A BRIEF OVERVIEW OF THE IMPACT OF IMMIGRATION AND ITS EFFECTS ON THE EU
AUTHOR: TESS VAN GAAL
Photo credits: www.epthinktank.eu
These days, a significant number of immigrants, fleeing the critical situation in the Middle East, are entering the EU countries. Germany has been reported to host most immigrants, expecting 800,000 immigrants to arrive this year. The German Government is asking the other EU-countries to show more solidarity and cooperation in handling these high influx of immigrants.
On the other hand, Germany has introduced temporary border controls to cope with this flow, even though the Schengen Agreement for all signatory EU countries diminishes this. The German Minister of Internal Affairs said that this measure has been introduced to control and reduce the flow of migrants, and that especially Munich has reached its maximum capacity hosting the refugees. He declared that the emergency border controls have been organized to optimize the immigration procedure as well as to improve the situation of the immigrants in terms of shelter and care.
During this crisis, the European Commission took the decision to reallocate 120.000 refugees with binding quotas for the EU countries. As the German Minister pointed out, they cannot host all the immigrants and they need help from the other European countries. The President of the European Commission Jean-Claude Juncker confirmed this in his ‘Time for Honesty, Unity and Solidarity’ speech. He said:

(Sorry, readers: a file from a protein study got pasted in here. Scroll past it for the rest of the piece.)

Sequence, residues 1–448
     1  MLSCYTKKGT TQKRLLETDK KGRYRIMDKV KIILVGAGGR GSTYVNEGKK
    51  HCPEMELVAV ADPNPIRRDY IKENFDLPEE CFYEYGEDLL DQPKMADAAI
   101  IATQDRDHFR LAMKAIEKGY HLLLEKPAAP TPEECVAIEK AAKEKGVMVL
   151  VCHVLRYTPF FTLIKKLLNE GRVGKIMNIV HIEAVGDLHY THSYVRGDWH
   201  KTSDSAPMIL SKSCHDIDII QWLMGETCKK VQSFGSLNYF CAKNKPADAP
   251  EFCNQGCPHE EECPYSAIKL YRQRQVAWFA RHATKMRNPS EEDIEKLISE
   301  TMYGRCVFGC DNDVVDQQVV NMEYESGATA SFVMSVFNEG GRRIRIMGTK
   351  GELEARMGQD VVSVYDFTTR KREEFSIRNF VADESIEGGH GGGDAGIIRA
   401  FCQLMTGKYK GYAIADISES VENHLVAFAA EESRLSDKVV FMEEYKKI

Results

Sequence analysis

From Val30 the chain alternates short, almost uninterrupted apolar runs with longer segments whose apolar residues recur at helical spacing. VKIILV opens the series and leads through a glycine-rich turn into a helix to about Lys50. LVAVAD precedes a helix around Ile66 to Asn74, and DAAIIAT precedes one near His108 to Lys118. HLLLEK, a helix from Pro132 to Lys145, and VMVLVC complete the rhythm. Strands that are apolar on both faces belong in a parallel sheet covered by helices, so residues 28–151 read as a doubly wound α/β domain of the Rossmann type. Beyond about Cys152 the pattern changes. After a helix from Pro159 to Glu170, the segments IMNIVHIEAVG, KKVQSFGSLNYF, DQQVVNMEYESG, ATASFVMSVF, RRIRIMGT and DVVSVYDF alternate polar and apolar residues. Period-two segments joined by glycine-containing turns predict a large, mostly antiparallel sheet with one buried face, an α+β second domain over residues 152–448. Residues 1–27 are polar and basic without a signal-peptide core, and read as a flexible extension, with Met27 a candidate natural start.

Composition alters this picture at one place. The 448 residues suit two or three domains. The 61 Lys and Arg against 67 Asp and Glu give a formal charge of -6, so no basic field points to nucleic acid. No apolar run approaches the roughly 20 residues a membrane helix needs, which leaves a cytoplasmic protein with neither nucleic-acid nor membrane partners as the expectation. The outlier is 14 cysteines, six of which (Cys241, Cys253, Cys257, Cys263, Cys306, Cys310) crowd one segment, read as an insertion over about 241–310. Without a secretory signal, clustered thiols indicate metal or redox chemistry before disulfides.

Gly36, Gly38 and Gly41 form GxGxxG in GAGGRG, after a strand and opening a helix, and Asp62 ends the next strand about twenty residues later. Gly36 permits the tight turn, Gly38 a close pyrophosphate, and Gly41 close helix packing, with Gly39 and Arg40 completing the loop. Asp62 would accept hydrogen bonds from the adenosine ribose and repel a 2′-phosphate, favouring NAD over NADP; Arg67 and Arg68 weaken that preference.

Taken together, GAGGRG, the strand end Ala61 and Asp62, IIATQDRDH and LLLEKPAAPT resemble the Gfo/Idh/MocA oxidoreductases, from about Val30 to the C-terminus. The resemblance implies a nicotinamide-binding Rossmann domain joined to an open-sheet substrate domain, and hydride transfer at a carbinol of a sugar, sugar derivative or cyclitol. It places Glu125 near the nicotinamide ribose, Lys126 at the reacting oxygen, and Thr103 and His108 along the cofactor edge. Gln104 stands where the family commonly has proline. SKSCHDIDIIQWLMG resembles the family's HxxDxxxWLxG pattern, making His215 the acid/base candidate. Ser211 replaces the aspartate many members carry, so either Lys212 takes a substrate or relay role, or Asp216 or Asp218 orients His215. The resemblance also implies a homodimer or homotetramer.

«It is time to speak frankly about the big issues facing the European Union. There is not enough Europe in this Union. And there is not enough Union in this Union. We have to change this. And we have to change this now».
The decision of the EU Commission aims for a better organization of the income of the migrants. This decision is binding on the EU members, even though several countries, such as the Czech Republic, Slovakia, Hungary and Romania, voted against it. Both the decision taken by Germany to reinstall temporary borders as well as the decision by the Commission on the binding quotas show that the collaboration and cooperation between EU members do not function effectively in terms of solidarity and unity. On the long term, this may affect the EU as a cooperative institution and its general principles and policies.